Smithsonian Notable Books for Children 2002 | Arts & Culture | Smithsonian

Smithsonian Notable Books for Children 2002

Smithsonian Notable Books for Children 2002

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Already acclaimed for her sensitive depiction of adolescence in Are You There God? It’s Me, Margaret (1970), Judy Blume turned her attention 30 years ago, in 1972, to a younger audience in Tales of a Fourth Grade Nothing. Her comic account surveys the life and times of Peter Hatcher, a long-suffering 9-year-old saddled with a pesky 2-year-old brother, Farley Drexel Hatcher, a.k.a. Fudge. The chronicle of Peter’s plight has struck a chord with beleaguered siblings ever since.

Blume went on to relay the brothers’ further misadventures in Superfudge (1980) and Fudge-a-Mania (1990). She devoted a related title, Otherwise Known as Sheila the Great (1972), to Peter’s runner-up nemesis, Sheila Tubman, the know-it-all neighbor who is, alas, a tenant in his New York City apartment building.

The Fudge books, as the four titles are collectively known, evolved into a wildly successful series, selling 19 million copies in more than 20 languages. For 12 years, faithful readers have clamored for an update on the Hatcher clan. At last, Blume has obliged with Double Fudge, published in October by Dutton. Peter is now 12 and Fudge, a precocious "nearly six."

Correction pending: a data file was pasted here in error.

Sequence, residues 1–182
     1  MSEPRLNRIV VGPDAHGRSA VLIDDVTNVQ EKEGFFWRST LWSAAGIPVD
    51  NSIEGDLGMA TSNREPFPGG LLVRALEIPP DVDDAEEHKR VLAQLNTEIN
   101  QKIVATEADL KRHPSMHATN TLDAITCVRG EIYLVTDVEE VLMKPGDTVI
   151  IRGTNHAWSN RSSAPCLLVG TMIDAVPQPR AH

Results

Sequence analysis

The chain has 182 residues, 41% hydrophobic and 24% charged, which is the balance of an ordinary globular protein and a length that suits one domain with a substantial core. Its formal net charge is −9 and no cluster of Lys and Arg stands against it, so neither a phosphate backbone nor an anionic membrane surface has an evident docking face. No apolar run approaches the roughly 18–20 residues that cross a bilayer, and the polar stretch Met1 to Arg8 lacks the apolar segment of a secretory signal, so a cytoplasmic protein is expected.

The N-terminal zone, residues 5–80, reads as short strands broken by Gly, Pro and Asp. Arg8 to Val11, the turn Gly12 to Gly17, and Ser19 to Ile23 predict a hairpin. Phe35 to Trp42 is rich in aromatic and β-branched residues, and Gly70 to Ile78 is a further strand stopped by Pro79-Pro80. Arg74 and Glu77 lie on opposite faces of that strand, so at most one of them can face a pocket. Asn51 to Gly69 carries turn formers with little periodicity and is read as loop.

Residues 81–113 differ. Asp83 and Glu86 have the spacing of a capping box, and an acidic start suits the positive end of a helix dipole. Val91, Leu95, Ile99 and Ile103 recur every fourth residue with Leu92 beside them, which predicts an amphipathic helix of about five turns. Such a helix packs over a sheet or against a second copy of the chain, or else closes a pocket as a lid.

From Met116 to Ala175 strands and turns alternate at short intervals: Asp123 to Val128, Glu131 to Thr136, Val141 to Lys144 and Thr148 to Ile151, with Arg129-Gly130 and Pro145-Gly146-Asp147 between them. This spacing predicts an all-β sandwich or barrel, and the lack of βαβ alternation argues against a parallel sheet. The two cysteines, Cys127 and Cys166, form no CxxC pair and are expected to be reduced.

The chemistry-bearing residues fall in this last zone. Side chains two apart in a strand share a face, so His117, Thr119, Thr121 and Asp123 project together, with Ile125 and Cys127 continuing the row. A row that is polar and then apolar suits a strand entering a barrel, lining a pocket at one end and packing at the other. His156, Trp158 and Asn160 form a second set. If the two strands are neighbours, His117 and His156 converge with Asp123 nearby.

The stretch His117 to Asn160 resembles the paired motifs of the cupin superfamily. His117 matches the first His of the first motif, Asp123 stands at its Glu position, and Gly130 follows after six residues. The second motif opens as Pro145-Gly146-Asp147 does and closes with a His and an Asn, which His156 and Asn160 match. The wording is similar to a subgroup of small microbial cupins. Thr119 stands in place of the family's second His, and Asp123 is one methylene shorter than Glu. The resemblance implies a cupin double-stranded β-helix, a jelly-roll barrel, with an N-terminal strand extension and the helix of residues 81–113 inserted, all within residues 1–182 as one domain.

Why the hiatus? "The thing about funny books is, they have to spill out spontaneously, or they don’t work," says Blume. "At least that’s how it is with me." The idea for Double Fudge, she adds, came to her when she least expected it.

The author resumes the Fudge chronicles at a juncture when Peter realizes to his dismay that Fudge, even as he prepares to go to kindergarten, remains obdurately annoying. After pitching a world-class tantrum (worth the price of admission) inside a shoe store, Fudge focuses his daunting energies on his current obsession, amassing a fortune. Efforts to deflect him from this impulse—he announces an intention to buy up "Toys ‘R’ Us and Manhattan" and stops strangers to assess their potential as wage earners—meet with signal failure.

 Adding to Peter’s woes, gate-crashing relatives from hell interrupt a cross-country odyssey to camp out in the Hatchers’ cramped apartment. Within hours of their arrival, Peter finds the family zipped into sleeping bags, snoring away on the living room floor: "They slept flat on their backs, like a row of hot dogs in their rolls. All that was missing was the mustard and the relish." Bad enough, but their supine incursion hopelessly cuts off access to the television.

 It takes a minor crisis to convince everyone, especially Fudge, that, as Peter’s understandably weary mother has maintained all along, "the best things in life are free." Blume, as always, has turned the ordinary preoccupations of childhood—sibling rivalry or finding oneself on the wrong side of a parental edict—into high comedy.

Finally, for readers perusing our roundup of titles, including picture books, memoirs and novels, the usual caveat applies: the age categories below are necessarily arbitrary; adjust to the predilections of the individual child.

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